Red Spots on the Skin: Causes, Symptoms and Treatment

Red spots on the skin can be caused by multiple pathologies. Viruses, bacteria, fungi, autoimmune problems, genetic predisposition and even cancer can damage the epidermal structure of the patient.
Red Spots on the Skin: Causes, Symptoms and Treatment
Samuel Antonio Sánchez Amador

Written and verified by el biólogo Samuel Antonio Sánchez Amador in 20 March, 2021.

Last update: 20 March, 2021

The skin is the largest organ in the body, occupying a total area of about 2 square meters (6.5 square feet) and weighing about 5 kilograms (11 pounds). Due to its contact with the outside world, it’s normal for it to undergo changes based on the environmental conditions the person is exposed to. For this reason, red spots can sometimes appear on the skin, along with other types of reactions.

Biological barriers are the set of mechanisms that allow living beings to recognize foreign substances, neutralize them, and eliminate them when they’re introduced into some part of their system. The skin is the first of them and, for this reason, it’s quite normal for it to suffer irregularities such as wounds, rashes, and spots.

When we see a spot or mole that wasn’t previously on our skin, we often think the worst. The dreaded word melanoma comes to our mind. However, nothing could be further from the truth, as the vast majority of rashes, abscesses, and spots occur due to much less serious etiological agents.

What can cause red spots to appear on the skin?

There’s no such thing as a universal treatment for red spots on the skin, as an allergy has nothing to do with a fungal infection, for example. These rashes are clinical signs, not a disease in itself, and so to deal with them you have to find the specific causative agent and treat it.

Therefore, we’re going to break down the characteristics, symptoms, and action of red spots on the skin based on their etiology – the pathology that is causing them. Keep reading to find out more!

1. Allergies

Red spots on the skin include allergies.
Skin allergies are common, but their intensity can vary greatly depending on the person.

As indicated by the Top Doctors portal, skin allergies are immune reactions produced by the presence of, or contact with, certain substances. These lead to localized swelling and hives. With allergies, the immune system acts as it should. The problem isn’t the type or intensity of the response, but, rather, the objective.

Allergic diseases are increasingly a serious public health problem worldwide. It’s estimated that a large proportion of Earth’s inhabitants react to one or more allergens at an immune level, which causes skin allergies to also increase as time goes by.

The spots on the skin caused by an allergy are usually welts, that is, they’re lumpy, red or whitish and may be filled with fluid. These appear quickly after contact with allergens, and so it’s easy to establish a causality between the item touched and the allergic response.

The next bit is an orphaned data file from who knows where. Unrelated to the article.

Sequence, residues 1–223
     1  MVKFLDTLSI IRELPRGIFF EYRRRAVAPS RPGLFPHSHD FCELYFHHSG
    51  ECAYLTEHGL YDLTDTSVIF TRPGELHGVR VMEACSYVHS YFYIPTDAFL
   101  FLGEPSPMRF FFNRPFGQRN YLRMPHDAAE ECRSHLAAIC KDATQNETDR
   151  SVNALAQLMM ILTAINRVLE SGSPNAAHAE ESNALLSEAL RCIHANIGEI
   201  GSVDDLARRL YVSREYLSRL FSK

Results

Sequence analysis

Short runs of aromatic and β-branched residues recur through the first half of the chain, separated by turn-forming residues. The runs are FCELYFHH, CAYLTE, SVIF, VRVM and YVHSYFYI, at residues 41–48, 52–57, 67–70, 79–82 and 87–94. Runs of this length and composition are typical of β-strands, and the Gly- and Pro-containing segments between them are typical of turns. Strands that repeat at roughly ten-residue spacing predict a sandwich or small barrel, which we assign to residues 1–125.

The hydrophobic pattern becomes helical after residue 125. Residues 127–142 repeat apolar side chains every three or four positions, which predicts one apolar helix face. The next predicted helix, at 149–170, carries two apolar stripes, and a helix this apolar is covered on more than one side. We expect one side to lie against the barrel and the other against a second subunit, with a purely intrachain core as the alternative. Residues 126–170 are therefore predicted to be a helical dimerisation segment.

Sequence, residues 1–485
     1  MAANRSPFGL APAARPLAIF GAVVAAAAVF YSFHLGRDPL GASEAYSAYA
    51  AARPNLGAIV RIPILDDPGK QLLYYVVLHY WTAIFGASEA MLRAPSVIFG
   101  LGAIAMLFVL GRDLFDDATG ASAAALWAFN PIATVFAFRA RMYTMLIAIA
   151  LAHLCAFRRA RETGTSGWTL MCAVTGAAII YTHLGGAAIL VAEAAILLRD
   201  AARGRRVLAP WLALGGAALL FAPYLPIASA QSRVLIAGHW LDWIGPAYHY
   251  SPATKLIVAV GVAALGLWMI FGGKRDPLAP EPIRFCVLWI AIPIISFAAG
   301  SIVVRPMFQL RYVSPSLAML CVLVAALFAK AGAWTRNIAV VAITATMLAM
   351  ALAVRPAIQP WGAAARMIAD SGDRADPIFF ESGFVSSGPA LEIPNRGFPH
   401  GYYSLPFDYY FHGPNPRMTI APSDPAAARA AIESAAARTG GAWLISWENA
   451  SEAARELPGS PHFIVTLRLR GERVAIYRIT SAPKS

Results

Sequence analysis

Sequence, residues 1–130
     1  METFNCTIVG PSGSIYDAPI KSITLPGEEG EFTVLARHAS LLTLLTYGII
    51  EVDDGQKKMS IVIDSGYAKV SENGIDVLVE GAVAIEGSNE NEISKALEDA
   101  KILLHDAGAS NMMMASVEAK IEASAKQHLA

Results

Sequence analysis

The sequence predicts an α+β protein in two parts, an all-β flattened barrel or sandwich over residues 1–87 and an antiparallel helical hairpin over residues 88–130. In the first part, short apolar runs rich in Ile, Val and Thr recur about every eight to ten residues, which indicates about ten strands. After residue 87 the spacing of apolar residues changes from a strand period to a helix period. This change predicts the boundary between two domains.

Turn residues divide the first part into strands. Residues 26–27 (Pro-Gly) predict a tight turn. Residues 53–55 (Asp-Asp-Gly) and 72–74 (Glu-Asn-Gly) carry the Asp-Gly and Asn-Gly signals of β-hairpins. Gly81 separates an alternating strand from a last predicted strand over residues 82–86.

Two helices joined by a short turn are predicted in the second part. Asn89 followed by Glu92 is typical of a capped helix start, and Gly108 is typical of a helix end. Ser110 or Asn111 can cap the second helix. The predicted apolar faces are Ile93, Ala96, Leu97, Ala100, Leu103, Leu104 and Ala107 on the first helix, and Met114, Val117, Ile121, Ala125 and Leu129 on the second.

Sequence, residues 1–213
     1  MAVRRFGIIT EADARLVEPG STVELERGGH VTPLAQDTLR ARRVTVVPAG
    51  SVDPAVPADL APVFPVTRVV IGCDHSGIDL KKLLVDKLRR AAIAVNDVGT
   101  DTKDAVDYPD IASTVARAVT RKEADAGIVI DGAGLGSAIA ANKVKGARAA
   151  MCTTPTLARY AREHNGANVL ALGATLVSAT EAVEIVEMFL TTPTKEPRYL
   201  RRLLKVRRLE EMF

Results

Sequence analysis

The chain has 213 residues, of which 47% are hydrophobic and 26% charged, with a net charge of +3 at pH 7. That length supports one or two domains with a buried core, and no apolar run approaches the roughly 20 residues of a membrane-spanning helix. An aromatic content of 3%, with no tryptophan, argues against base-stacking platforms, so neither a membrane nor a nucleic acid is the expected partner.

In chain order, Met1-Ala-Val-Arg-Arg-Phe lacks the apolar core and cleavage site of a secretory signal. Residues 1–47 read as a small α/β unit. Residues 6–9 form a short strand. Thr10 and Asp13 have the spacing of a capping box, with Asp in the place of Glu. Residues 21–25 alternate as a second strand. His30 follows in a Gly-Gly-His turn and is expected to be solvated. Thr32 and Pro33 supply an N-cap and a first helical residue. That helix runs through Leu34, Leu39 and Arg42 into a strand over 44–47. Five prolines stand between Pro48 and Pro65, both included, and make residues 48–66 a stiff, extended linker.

The treatment is simple: the application of antihistamines in the form of ointment to reduce the discomfort of the symptoms is enough to eliminate these skin reactions. In any case, the patient is always recommended to undergo allergy tests.

2. Dermatophytosis

Dermatophytoses or ringworms are a group of infections caused by fungi that affect the skin, nails, and hair. The fungi that cause them are keratin parasites and are known as dermatophytes. Heat, humidity, lack of exposure to the sun and poor hygiene greatly favor their appearance.

In general, the red spots on the skin caused by dermatophytosis are large and appear in a limited, patch-like form. There may also be flaking of the skin and hair loss in the affected area. After all, the fungus is spreading in the epidermis area of the infected host.

As indicated by the Elsevier scientific portal, most treatments focus on the application of antifungal ointments to the affected area. If the infection isn’t very extensive, topical creams are always the first option, as they also have minimal adverse effects.

On the other hand, if the infection has spread to several areas of the body – or if the causative agent is resistant to certain drugs – then it’s time to change strategy. In these cases, the administration of systemic antifungals for long periods of time may be necessary.

3. Eczema: one of the most common types of red spots

The word eczema refers to a series of swellings on the skin, with different causes and prognosis, as indicated by the United States National Library of Medicine. Most types of eczema cause dry skin, itching, and a rash in the form of reddish spots on the face, inside of the elbows, knees, hands, and feet.

Eczema isn’t contagious and its causes are not known, although experts suspect that the probability of developing it depends on genetics and family history. The appearance of these rashes can get better or worse over time, but it’s usually a chronic and lifelong condition.

According to the Mayo Clinic, the most common type of eczema is atopic dermatitis. The genes that provide the code for skin protection can be atypical, causing the skin not to carry out its function at all. Because of that, it gets irritated and damaged by various environmental factors and allergens, giving rise to the red spots on the skin that concern us here.